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Vice President Talks to Students about (what else?) Student Loans

Posted By Cliff Tuttle | November 5, 2011

No. 749

Our junior colleagues at Third Chair: Pittsburgh brought to our attention last night that the Vice President went to Pitt yesterday and talked about student loans rather than the Jobs Bill.  [See our out-of-date comments on the Jobs Bill speech, two posts below.]

I say “junior” to point out that student loans are a hot topic for younger lawyers, who frequently took on debt equivalent to a home mortgage in order to complete seven or more years of higher education.

Lets give the Vice President credit for flexibility here.  Everybody knows that this was to be a political speech.  The Jobs Bill is dead, always was, and the sole purpose of the Vice President campaigning for it  is to energize the base — voters who will be needed if the Obama-Biden ticket is to carry Pennsylvania in 2012.  So, like the able politician he is, the Vice President selected an alternate  homily on a subject dear to the heart of his audience — student loan payment relief.  It also had the benefit of being a good news message.  Student loan payment caps and terms were being liberalized, to the benefit of the borrowers. [Get the details from Third Chair: Pittsburgh.] But of course, this was going to happen anyway, whether or not he spoke to the students at Pitt or anywhere else. As we stated at the top, this was a campaign speech, intended to energize the base.

However, for the rest of us who are not paying off student loans, it serves as a reminder that today’s graduates, especially those with advanced degrees, are starting their careers saddled with debt that would have seemed impossible not too many years ago.  This may work itself out in times of prosperity, but not so well at a time when too many of our best educated workers are not working.

What to do?  Rather than looking for ways to create incentives for existing employers to hire more people, why not create incentives for the unemployed to hire themselves?  This is not without precedent.  By going to graduate school, graduating seniors postponed repayment of their undergraduate loans.  That made sense, and it still makes sense, since it created a more highly educated workforce.  By postponing repayment a little longer (say, five years) for those who start their own business, we are putting that educated workforce to work.  Yes, it will cost something.  But so do the other incentive programs.  The difference is, some of those new businesses will take root, grow and prosper.  Jobs “created” by subsidies usually disappear after the subsidies end, that is, unless there is an independent demand for the goods or services produced by the worker.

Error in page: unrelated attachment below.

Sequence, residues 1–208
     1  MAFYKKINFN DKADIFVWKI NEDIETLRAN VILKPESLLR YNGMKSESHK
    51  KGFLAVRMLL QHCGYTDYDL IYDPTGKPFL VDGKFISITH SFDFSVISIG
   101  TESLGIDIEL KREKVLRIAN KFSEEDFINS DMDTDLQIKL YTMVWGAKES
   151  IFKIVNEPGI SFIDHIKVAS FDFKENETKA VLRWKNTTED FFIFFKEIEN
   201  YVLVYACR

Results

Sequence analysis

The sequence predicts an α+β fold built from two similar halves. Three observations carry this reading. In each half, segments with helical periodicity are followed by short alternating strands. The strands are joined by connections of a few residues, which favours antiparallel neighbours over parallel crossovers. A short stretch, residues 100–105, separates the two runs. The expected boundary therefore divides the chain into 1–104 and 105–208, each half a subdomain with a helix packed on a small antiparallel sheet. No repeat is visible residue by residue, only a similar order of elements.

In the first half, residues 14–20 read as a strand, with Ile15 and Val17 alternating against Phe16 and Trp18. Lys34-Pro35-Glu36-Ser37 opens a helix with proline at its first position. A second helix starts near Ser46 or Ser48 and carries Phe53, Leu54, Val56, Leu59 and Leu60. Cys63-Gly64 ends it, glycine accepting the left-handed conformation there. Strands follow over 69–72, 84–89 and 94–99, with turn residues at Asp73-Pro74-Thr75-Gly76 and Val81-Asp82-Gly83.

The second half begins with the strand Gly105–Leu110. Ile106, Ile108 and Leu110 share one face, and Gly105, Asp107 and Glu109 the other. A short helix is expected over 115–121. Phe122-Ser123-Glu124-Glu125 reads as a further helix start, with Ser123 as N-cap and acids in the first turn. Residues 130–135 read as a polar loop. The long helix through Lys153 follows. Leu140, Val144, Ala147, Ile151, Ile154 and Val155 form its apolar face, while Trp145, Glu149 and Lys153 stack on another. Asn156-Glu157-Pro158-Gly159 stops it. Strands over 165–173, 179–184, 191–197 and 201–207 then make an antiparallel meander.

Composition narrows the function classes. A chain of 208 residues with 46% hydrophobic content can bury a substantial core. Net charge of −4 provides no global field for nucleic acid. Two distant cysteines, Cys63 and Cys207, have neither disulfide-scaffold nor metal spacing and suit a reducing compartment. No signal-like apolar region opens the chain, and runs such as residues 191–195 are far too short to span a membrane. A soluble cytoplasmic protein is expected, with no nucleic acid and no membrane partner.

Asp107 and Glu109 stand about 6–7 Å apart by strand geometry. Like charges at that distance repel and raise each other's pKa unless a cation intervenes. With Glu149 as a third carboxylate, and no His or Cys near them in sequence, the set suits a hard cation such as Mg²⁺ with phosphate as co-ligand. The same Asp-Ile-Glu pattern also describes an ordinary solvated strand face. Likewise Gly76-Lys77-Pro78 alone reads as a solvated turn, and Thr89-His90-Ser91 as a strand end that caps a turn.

But then again, those new entrepreneurs would eventually move to the suburbs and vote Republican. Oh well, sorry I mentioned it, Mr. Vice President.



CLIFF TUTTLE has been a Pennsylvania lawyer for over 45 years and (inter alia) is a real estate litigator and legal writer. The posts in this blog are intended to provide general information about legal topics of interest to lawyers and consumers with a Pittsburgh and Western Pennsylvania focus. However, this information does not constitute legal advice and there is no lawyer-client relationship created when you read this blog. You are encouraged to leave comments but be aware that posted comments can be read by others. If you wish to contact me in privacy, please use the Contact Form located immediately below this message. I will reply promptly and in strict confidence.

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